The health IT community is very much in support of FHIR-based APIs, right?
We have been a proponent of FHIR before FHIR was FHIR. We see it as a positive.
What technologies and innovations are you super excited about this year?
I am super excited about AI [artificial intelligence] and the potential of it. It’s kind of all over the place; it took a certain level of processing and capability that IBM pushed the bounds of when they pushed forward with Watson. That got us the base of technology to build on.
All the technology is in the algorithms; Google, Microsoft, and others have the technology, and these algorithms being built are making it interesting. We are using AI in some limited capability and are really pushing to advance it. I think it has real potential for the industry—an industry that does not have as much discrete data as we would like. All the NLP [natural language processing] capability that is driving AI is really attractive and it will have an impact on healthcare.
How do you feel about blockchain?
If I had $1 million to invest, I would put $300,000 of it into blockchain technology. But do I think it would pay off this year? I do not, particularly in healthcare. But it has a lot of potential.
Intermountain has been moving the needle on virtual care. What are the latest advancements in this area?
Credit our clinicians who are interested in doing it. It’s not so much me as a CIO; we just have to support it. Intermountain is having a lot of success increasing the capability of all our hospitals through virtual care. So, with our neonatal ICU capability, you don’t have to come to Intermountain Primary Children's Hospital anymore for a lot of those cases because we are able to do it virtually. And that is using all different kinds of visual and computer-based technology.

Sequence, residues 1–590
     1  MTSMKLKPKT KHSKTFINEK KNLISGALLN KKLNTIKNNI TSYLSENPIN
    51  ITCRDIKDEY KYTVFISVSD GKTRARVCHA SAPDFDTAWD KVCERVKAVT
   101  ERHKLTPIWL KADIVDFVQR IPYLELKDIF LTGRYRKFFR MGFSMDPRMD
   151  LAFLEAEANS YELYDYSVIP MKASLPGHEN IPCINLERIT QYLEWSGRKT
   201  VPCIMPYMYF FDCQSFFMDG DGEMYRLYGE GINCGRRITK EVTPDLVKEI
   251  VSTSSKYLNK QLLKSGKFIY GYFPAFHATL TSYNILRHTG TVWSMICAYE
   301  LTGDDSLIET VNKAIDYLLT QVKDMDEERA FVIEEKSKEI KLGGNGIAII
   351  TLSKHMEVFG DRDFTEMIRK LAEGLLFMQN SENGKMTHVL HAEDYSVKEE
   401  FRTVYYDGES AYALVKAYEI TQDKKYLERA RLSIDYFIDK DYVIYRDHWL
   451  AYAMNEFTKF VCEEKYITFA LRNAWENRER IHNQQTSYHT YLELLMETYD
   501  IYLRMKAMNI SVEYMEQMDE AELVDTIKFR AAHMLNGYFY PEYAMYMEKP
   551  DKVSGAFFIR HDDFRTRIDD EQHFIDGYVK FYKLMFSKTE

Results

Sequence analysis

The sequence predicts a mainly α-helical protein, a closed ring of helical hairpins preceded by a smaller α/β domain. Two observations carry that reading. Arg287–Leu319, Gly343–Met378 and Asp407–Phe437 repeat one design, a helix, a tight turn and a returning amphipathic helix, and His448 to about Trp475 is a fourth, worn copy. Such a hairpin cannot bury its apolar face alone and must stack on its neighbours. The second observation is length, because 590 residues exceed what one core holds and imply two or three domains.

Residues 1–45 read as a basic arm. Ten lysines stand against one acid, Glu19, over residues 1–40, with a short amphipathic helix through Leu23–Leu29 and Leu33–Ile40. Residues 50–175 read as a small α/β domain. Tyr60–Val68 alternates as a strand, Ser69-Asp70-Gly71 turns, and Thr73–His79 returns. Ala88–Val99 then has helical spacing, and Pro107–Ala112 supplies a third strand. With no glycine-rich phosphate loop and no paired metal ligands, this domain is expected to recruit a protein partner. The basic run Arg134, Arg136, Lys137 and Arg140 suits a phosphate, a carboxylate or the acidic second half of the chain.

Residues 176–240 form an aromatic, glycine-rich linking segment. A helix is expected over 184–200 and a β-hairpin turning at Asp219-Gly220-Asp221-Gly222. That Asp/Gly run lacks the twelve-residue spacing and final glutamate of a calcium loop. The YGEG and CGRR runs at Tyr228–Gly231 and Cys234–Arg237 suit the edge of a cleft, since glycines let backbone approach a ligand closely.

We have been on the front edge of doing that, and it has paid off for us and our patients. We are a huge state with lots of rural areas but from a population standpoint, there are only 3.5 million people. So you generally can’t get that intensity of care out there, but with virtual care, you can. We have a virtual hospital [launched last year] and this isn’t IT pushing something into the organization. This is us working together to come up with a solution.
What’s most pressing on your CIO mind as we sit here today at HIMSS? What keeps you up at night?
Blocking and tackling; having your EHR available 24/7, 365 days a year. And that’s for every single organization, not just us. Security is a big deal. I think about how to lower the cost, as healthcare costs continue to creep up year to year. What can we do to lower costs? How can we better leverage the cloud?
From a leadership perspective, what advice can you give to fellow CIOs, some of whom might not be in as evolved organizations as yours?
I work for an organization that is sophisticated and likes technology, and you need to continue to push the [limits] on that. My advice for those not as evolved would be to stick with it. Always provide reliable, secure, and fast information systems. The core of what we do isn’t changing. We have pushed innovation; now, we have to push the boundaries on what [more] we can do.